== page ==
Dune: Adventures in the Imperium

*Originally published at British Fantasy Society

Published decades ago, Frank Herbert’s award-winning Dune spawned a series of novels and is now a tabletop roleplaying game from Modiphius. The game puts players into the complexities and nuance of Herbert’s deep space interpretation of the future of human civilization. This adaptation of the classic story is primarily focused on the novels to develop the game, rather than any other media.

There’s a lot to like about this book, and it is very readable, containing everything needed to pick up and go with minimal effort. The art is fantastic, and although it feels a bit dark, it captures the atmosphere of the novels. Additionally, Dune’s massivetimeline is annotated,  listing each book as they relate to the game’s lore. This is great for referencing the original source material, and for newcomers. Predictably, the default setting is Arrakis, the planet Dune is namedafter. Arrakis is nicely outlined, but it would have been helpful to have visual aids since there are only a couple of cities on Arrakis. 

Need friends and enemies? There’s a useful NPC gallery containing some of Dune’s most important personalities, as well as NPC archetypes that can easily be re-skinned. What’s more, there’s even an introductory adventure module that can be run to give people a taste of how the game plays without having to prepare the material. Resources are plentiful to assist people just to easily dive right in.

Some of the rules are innovative, for example, there are two ways to create characters. Players can take the time to develop a fully-prepared persona, or create a skeleton that grows as a campaign progresses. There’s even  “troupe-style” play where players use ‘supporting characters’, basically, NPCs, that are important, but not necessarily managed by the GM. This adds complexity to the game, but these secondary characters give players a different presence at the table, a fun twist on gameplay. 

One aspect of the system that stood out is Assets. How this appears to work is that a player could spend Momentum to introduce an asset to help them overcome an obstacle or a conflict, for example by calling in a debt. In principle, this is a pretty nifty idea, but in practice, this could be problematic. GMs will need to be alert, and ensure assets fit the game’s scope. 

Beyond designing characters, players construct a House. The rules for this process are simple, containing pros and cons for the scale of the House. Unfortunately, the characters are supposed to all belong to the same house. While this makes perfect sense, it would be fun to have rules allowing characters to be members of different, even rival houses.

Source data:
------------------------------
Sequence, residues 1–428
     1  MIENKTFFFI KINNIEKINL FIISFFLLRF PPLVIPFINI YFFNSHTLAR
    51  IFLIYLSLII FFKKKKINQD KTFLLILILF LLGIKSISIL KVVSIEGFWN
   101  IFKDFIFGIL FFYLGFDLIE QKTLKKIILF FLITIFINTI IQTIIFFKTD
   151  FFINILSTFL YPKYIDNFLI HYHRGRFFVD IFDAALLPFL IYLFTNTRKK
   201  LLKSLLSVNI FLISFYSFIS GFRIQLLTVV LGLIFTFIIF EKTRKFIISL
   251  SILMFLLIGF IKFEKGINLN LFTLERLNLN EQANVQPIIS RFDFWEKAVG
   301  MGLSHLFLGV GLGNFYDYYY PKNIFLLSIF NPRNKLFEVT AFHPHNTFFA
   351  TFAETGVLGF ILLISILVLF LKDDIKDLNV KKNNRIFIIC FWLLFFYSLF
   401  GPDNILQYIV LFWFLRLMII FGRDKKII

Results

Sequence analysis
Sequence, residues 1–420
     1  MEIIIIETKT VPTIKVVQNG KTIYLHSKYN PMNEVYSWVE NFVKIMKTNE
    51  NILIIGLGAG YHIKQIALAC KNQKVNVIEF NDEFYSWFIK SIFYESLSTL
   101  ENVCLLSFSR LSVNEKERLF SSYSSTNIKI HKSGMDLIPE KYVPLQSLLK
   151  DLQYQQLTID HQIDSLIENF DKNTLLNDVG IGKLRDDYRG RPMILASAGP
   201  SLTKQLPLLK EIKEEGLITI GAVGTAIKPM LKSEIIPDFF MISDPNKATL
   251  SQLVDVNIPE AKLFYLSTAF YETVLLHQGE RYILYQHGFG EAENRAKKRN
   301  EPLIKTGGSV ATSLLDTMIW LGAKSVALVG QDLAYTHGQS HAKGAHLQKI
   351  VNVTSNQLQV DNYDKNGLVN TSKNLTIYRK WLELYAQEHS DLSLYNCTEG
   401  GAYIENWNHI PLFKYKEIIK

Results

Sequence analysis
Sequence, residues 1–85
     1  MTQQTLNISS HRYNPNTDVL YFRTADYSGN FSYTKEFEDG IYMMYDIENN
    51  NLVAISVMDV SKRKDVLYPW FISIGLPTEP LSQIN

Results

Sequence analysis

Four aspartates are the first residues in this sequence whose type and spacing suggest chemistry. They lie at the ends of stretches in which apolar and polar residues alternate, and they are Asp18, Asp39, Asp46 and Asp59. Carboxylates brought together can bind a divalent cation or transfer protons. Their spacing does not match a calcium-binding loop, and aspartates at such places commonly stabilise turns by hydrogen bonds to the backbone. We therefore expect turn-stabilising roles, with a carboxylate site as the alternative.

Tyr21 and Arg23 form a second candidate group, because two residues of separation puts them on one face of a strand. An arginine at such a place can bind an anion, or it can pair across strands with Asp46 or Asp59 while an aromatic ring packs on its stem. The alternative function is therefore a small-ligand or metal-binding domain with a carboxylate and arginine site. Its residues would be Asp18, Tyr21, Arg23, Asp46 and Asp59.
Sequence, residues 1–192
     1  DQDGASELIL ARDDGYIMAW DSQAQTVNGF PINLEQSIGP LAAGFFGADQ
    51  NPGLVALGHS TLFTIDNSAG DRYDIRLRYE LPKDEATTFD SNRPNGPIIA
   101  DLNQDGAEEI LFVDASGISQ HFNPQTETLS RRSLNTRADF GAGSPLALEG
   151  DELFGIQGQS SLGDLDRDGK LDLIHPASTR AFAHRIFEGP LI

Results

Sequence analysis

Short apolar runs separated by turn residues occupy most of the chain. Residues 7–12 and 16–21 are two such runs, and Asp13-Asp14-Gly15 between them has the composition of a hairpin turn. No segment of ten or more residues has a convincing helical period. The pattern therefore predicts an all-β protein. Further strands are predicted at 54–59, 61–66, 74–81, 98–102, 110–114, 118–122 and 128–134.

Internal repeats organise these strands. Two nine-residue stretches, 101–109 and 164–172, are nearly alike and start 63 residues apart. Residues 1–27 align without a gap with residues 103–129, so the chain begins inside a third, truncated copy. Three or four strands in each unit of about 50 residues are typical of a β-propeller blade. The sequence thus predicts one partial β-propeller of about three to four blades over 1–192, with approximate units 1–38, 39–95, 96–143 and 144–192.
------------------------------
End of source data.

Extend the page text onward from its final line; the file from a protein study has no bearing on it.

What makes this game stand out as a TTRPG is in the chapter for Gamemastering on how to implement Dune’s themes, such as religion, the effects of spice, the scale of the environment, and so on. What’s in the book is great, but a bit academic. Here’s an example from incorporating faith,

When incorporating elements of faith and religion into their stories, you should try to balance these meta-narratives implicit in the setting against the characters that experience these concepts as authentic expressions of themselves and their beliefs. 

The section is vital to making Dune unique, but it could be presented with language that was a bit less opaque.  As an RPG, Dune has resulted in a remarkably comprehensive book. There are areas that are lacking in detail, but this is a game that is loaded with opportunities for supplements. It would be stunning if Modiphius wasn’t already working on these. Like any other game adapted from existing media, it’s going to be for fans of Dune before anyone else. However, there is a lot in the core book, and it all feels very open for anyone that might be looking for a well-developed science-fiction line.

The Buried Giant by Kazuo Ishiguro, a review

It is a rare thing when an author of so-called “literary fiction” veers off to create genre fiction. However, when it does happen, it can be a thoroughly engaging read. That is the case with The Buried Giant by Kazuo Ishiguro.

The Nobel Prize-winning author is well-known for a number of literary works, but his fantasy novel, The Buried Giant, stands a bit apart from those other texts. It is most definitely dramatic, the story incorporates fantasy elements, enough of which drag it into the genre itself. To be specific, the story is probably best catalogued as “Arthurian” due to its references to the fabled king.